Large language models also understand numbers, but that’s because it learns about them from existing data and content, not because it understands or can apply that understanding to situations.

In fact, some AI models have content safety systems built in that can detect if you are asking, “What should I do in this specific situation?” The AI model will give you a general answer, but the content safety system, in addition to detecting and blocking inappropriate language, will also add in at the end that you should ask this advice of a professional.

Charlotte Wood: The really amazing thing about this technology is that you don’t have to be a data scientist to use it in your everyday life or in your job. For financial professionals, AI can be used to augment client interaction. For example, it can check that the professional asked all the right questions of their client.

Because of this technology’s accessibility, it’s also more readily available to smaller companies who, for example, may not have been able to afford to hire teams of data scientists to deploy machine learning in the past.

It can also make it easier to personalize information, to help clients interpret data, and to disseminate it. This is where AI can have a massive impact in doing that for you.


What Are Some of the Limitations of, and Risks Associated With, Generative AI?

Adelina Balasa: Most large language models have been built using open source data from the internet, which doesn’t help you with data lineage (i.e., you can’t necessarily verify where the information is coming from and whether it’s a trusted source). This is why responsible AI best practice is to combine generative AI models with other data solutions such as search engines, which can give you the data traceability and the transparency you need to trust the answer.

Even with other data solutions attached, sometimes generative AI can also “hallucinate”—i.e., it can make up things that aren’t true and render the entire generated content nondeterministic—and here is where you need to adopt specific responsible AI frameworks and prompt engineering techniques to mitigate the hallucinations.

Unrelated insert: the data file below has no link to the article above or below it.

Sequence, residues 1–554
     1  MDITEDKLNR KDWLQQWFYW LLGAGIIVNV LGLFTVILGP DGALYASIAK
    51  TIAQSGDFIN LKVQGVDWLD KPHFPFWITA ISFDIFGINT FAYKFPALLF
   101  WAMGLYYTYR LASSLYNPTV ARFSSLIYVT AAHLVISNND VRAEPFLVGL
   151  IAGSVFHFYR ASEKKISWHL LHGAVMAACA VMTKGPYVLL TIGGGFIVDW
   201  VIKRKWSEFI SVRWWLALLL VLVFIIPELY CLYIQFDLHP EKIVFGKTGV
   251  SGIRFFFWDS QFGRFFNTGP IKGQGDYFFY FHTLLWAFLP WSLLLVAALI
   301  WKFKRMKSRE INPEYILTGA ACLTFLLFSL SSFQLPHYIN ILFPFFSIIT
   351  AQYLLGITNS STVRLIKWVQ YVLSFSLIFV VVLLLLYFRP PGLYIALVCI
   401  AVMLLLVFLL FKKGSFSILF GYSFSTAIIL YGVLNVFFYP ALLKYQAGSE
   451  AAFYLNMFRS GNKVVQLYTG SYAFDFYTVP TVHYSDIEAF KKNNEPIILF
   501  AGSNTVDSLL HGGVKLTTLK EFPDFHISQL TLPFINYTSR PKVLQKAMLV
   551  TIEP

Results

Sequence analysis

In generative AI models, you can implement a threshold at which you can dictate how creative the AI should or shouldn’t be. If you’re writing a poem, then you can push the threshold to its maximum creativity, but if you want to extract numbers, then you can tell it to be exact and non-creative.

Once you’ve put data into something like a ChatGPT, you no longer have control of what’s being done with that data. 


Charlotte Wood: Once you’ve put data into something such as ChatGPT, you no longer have control of what’s being done with that data. OpenAI has the right to store it and use it in future.

I would definitely encourage people to be cautious about using a public version of generative AI. And you certainly don’t want to put your clients’ details into it because that’s effectively posting them on the internet directly.


Who Should Be Held Accountable to Make Sure AI Is Used Responsibly?

Adelina Balasa: It’s a shared responsibility between organizations that provide technology, organizations that use the technology, and governments. There are actually quite a few guidelines already in place in Europe, for example the EU AI Act, and in the UK we have an AI White Paper and transparency best practices. But I do think that governments need to make actual legislation that everyone needs to follow so AI technology is trustworthy.


To learn more about opportunities in AI, talk to your financial professional. 


Important Risks: Investing involves risk, including the possible loss of principal. Focusing on one or more sectors may lead to increased volatility and risk of loss if adverse developments occur.  

Hartford Funds may or may not be invested in the companies referenced herein; however, no particular endorsement of any product or service is being made.

The views expressed herein are those of Schroders Investment Management (Schroders), are for informational purposes only, and are subject to change based on prevailing market, economic, and other conditions. The views expressed may not reflect the opinions of Hartford Funds or any other sub-adviser to our funds. The opinions stated in this document include some forecasted views. Schroders believes that they are basing their expectations and beliefs on reasonable assumptions within the bounds of what they currently know. The views and information discussed should not be construed as research, a recommendation, or investment advice, nor should they be considered an offer or solicitation to buy or sell any security. This information is current at the time of writing and may not be reproduced or distributed in whole or in part, for any purpose, without the express written consent of Schroders or Hartford Funds.